Until a few decades ago, it was generally agreed that the most important part of the legacy from one generation to another consisted in a kind of wisdom: In what does the good life consist? What is worthy of one’s commitment? What is more important than self-gratification? What is good or honorable or true?

The second part of that legacy consisted of knowledge and skill; teaching a younger generation how to make a living, how to master a profession, how to become a productive citizen. But through it all, education was seen as a moral endeavor, not because it sought to indoctrinate but because it was a sharing of things that people held to be important. Teachers had authority not only because they were experts in their disciplines, but because they had common commitments and took seriously the important questions and the responsibility of their answers before a younger generation.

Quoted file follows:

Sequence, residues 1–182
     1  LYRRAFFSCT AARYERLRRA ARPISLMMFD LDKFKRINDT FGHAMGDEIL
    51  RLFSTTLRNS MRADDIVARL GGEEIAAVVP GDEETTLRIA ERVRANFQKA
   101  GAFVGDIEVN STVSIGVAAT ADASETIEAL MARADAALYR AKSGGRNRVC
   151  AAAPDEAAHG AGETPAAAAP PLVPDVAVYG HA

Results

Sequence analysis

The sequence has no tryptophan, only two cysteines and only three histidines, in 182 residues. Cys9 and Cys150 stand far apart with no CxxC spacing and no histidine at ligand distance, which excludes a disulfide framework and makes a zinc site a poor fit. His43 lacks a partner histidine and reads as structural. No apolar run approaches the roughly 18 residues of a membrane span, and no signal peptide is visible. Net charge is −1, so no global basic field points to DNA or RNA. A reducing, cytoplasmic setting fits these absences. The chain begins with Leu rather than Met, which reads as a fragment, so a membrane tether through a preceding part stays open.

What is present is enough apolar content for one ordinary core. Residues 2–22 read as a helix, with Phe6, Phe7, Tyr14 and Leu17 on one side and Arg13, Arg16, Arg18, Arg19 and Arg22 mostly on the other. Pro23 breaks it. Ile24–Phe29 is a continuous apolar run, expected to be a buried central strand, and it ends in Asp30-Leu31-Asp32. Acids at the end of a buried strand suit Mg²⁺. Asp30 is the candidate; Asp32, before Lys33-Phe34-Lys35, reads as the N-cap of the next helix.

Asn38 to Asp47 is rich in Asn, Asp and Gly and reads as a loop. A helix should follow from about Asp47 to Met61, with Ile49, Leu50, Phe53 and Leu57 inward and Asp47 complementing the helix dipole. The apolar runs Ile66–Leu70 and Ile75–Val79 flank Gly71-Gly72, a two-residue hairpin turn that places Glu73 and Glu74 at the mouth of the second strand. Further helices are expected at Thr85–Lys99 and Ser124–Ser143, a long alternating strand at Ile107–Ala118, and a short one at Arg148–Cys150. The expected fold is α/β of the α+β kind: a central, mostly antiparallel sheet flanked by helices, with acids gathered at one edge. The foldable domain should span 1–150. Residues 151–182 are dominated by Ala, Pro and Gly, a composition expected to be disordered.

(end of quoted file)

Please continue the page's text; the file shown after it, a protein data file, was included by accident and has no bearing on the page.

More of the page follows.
The collegiate tradition in this country grew out of such an understanding of education. In the colleges that were founded in the eighteenth and nineteenth centuries, there was an ethos, an atmosphere of expectation, embodied in ceremonies, traditions, and courses, in which all of these things were fused and passed on. Education was the institutionalization of what we as a people deemed to be important. And through that process, we sought to prepare oncoming generations for their role and responsibility in society.

The wisdom that underlay such preparation was a distillate of the Bible and of the classical tradition, and it included a strong dose of literature. Through those courses and subjects one encountered life vicariously. Reality was served up not in piecemeal fashion but in and through the larger conflicts and tensions, aspirations and ...

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